intrusive in a meddling or offensive manner; "an interfering old woman"; "bustling about self-importantly making an officious nuisance of himself"; "busy about other people's business"
(of facilities such as telephones or lavatories) unavailable for use by anyone else or indicating unavailability; (`engaged' is a British term for a busy telephone line); "her line is busy"; "receptionists' telephones are always engaged"; "the lavatory is in use"; "kept getting a busy signal"
overcrowded or cluttered with detail; "a busy painting"; "a fussy design"
keep busy with; "She busies herself with her butterfly collection"
crowded with or characterized by much activity; "a very busy week"; "a busy life"; "a busy street"; "a busy seaport"
actively or fully engaged or occupied; "busy with her work"; "a busy man"; "too busy to eat lunch"
used as an intensive especially to indicate something unexpected; "even an idiot knows that"; "declined even to consider the idea"; "I don't have even a dollar!"
to a greater degree or extent; used with comparisons; "looked sick and felt even worse"; "an even (or still) more interesting problem"; "still another problem must be solved"; "a yet sadder tale"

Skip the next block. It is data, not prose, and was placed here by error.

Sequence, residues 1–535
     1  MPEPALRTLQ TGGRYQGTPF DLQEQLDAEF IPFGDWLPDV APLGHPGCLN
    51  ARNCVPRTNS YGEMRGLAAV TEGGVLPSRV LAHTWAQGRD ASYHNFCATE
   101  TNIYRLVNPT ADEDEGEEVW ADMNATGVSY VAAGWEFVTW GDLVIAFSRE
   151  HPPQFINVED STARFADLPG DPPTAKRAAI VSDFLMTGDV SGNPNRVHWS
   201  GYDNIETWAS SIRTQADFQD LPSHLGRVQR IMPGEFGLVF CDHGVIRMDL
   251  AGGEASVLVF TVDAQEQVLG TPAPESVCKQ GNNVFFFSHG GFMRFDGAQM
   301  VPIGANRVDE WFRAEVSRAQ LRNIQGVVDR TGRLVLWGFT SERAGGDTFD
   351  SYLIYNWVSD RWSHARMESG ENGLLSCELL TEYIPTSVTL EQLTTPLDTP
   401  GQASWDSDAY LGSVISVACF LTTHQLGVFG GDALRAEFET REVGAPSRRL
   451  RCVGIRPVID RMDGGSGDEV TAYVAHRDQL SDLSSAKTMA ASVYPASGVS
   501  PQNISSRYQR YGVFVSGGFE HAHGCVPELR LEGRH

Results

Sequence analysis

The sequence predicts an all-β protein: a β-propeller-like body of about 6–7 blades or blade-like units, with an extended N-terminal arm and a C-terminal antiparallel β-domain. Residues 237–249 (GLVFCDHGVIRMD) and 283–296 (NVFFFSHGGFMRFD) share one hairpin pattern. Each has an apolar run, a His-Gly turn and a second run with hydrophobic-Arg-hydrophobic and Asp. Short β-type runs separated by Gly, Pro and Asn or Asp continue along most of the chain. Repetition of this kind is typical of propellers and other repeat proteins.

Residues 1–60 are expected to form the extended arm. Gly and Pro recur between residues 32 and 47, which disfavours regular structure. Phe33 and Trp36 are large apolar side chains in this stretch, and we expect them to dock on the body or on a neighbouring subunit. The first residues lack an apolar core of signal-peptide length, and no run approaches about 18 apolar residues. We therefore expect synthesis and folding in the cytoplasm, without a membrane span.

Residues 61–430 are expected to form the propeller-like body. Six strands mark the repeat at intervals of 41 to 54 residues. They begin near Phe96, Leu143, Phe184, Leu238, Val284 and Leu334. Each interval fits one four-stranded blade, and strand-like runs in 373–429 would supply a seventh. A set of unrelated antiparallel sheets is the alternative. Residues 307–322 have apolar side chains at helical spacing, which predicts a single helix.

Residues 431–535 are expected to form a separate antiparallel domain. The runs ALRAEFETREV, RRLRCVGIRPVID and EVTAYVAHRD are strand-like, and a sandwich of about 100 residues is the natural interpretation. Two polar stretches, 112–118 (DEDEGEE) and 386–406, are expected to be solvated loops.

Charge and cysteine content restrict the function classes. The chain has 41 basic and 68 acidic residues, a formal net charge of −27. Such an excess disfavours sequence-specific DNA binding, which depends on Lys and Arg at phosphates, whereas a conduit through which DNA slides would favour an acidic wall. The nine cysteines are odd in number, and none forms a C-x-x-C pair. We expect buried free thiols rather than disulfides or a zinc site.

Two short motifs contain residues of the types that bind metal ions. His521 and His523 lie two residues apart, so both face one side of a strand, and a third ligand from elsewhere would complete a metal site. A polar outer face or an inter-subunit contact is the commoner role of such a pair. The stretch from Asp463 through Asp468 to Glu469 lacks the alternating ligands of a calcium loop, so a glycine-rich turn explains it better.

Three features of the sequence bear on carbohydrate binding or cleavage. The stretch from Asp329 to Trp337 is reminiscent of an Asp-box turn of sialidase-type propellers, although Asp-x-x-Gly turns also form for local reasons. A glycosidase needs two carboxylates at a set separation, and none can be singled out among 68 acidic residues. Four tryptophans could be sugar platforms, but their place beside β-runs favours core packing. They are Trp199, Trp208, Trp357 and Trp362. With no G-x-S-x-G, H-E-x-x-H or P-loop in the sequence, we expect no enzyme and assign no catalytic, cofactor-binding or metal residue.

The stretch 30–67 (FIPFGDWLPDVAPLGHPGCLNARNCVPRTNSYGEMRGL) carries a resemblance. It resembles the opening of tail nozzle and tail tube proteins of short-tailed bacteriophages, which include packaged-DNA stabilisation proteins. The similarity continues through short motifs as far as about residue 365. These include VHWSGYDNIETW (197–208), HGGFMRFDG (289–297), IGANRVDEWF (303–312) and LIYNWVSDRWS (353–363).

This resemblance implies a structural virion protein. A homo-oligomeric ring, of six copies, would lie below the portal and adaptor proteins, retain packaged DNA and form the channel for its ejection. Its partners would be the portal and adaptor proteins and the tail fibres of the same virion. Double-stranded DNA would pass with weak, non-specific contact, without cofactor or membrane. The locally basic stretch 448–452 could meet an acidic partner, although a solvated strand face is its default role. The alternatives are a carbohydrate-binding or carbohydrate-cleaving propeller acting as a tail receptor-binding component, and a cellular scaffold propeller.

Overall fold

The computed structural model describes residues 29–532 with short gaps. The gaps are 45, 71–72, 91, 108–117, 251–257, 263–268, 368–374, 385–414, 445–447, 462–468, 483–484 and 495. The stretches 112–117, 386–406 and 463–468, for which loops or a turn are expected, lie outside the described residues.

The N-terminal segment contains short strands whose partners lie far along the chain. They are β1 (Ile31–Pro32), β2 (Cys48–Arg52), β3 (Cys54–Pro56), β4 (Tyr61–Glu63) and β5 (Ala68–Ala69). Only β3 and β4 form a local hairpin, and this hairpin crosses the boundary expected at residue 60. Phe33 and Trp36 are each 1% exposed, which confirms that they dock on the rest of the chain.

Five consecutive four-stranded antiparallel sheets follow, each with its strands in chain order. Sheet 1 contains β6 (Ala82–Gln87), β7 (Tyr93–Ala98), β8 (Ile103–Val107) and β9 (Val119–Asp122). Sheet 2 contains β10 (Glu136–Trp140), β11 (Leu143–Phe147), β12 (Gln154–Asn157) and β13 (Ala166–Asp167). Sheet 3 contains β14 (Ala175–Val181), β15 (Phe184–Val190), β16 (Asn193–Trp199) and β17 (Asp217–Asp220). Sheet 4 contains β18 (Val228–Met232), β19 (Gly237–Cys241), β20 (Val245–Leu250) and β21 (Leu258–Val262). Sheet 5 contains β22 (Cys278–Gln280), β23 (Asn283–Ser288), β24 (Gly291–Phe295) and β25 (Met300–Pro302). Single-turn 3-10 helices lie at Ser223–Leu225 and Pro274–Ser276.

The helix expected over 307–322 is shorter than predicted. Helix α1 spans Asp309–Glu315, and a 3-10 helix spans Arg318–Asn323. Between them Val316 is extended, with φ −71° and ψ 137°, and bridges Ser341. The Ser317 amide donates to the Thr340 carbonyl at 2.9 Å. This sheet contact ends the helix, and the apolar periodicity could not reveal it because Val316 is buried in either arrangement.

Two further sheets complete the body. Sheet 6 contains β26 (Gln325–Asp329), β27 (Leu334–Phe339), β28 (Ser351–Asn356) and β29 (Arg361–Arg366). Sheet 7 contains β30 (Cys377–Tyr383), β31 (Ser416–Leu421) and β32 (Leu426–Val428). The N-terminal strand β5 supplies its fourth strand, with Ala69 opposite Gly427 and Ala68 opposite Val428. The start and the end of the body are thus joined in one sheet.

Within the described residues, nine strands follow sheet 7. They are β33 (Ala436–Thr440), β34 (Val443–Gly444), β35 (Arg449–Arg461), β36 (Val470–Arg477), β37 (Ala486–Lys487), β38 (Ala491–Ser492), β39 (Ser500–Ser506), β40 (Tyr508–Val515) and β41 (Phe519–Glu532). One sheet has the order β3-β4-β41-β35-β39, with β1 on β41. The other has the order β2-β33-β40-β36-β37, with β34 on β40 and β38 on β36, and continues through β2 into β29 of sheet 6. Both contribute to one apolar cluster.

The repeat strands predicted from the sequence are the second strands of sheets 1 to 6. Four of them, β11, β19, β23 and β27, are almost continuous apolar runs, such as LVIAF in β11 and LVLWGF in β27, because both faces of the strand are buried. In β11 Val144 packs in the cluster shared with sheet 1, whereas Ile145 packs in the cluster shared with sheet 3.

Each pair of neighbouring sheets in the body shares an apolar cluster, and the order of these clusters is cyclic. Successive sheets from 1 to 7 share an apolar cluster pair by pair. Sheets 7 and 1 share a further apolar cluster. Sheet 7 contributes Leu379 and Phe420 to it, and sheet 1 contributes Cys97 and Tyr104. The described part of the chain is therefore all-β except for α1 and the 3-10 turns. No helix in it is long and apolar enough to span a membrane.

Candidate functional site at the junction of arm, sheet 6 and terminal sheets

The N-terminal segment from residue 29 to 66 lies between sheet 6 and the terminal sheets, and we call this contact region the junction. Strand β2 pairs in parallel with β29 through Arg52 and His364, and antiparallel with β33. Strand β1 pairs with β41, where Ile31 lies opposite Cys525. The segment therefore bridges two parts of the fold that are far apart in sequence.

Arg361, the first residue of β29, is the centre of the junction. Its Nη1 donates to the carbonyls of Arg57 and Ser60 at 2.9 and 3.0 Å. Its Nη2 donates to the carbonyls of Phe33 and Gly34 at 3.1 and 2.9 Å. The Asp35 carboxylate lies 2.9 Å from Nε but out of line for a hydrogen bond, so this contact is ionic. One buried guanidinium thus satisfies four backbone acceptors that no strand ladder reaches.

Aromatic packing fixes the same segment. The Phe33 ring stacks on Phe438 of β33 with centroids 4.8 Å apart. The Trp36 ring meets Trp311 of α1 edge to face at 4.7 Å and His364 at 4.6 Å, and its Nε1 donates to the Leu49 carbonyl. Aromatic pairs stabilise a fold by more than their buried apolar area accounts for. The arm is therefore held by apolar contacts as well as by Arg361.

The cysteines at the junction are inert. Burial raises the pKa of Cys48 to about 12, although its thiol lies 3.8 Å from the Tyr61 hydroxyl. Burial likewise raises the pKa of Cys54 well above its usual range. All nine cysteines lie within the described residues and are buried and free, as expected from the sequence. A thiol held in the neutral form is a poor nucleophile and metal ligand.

the latter part of the day (the period of decreasing daylight from late afternoon until nightfall); "he enjoyed the evening light across the lake"
in spite of; notwithstanding; "even when he is sick, he works"; "even with his head start she caught up with him"
Odds of one to one
to the full extent; "loyal even unto death"
equal in degree or extent or amount; or equally matched or balanced; "even amounts of butter and sugar"; "on even terms"; "it was a fifty-fifty (or even) split"; "had a fifty-fifty (or even) chance"; "an even fight"
make even or more even
become even or more even; "even out the surface"
make level or straight; "level the ground"
make even or more even
add alcohol to (beverages); "the punch is spiked!"
spin,wind, or twist together; "intertwine the ribbons"; "Twine the threads into a rope"; "intertwined hearts"
draw through eyes or holes; "lace the shoelaces"
do lacework; "The Flemish women were lacing in front of the cathedral"
make by braiding or interlacing; "lace a tablecloth"
closed with a lace; "snugly laced shoes"
edged or streaked with color; "white blossoms with purple-laced petals"
bind with a rope, chain, or cord; "lash the horse"
strike as if by whipping; "The curtain whipped her face"
beat severely with a whip or rod; "The teacher often flogged the students"; "The children were severely trounced"
lash or flick about sharply; "The lion lashed its tail"
tie with a tether; "tether horses"
confined or restricted with or as if with a rope or chain
tie the wings and legs of a bird before cooking it
bound or secured closely; "the guard was found trussed up with his arms and legs securely tied"; "a trussed chicken"
support structurally; "truss the roofs"; "trussed bridges"
secure with or as if with ropes; "tie down the prisoners"; "tie up the old newspapers and bring them to the recycling shed"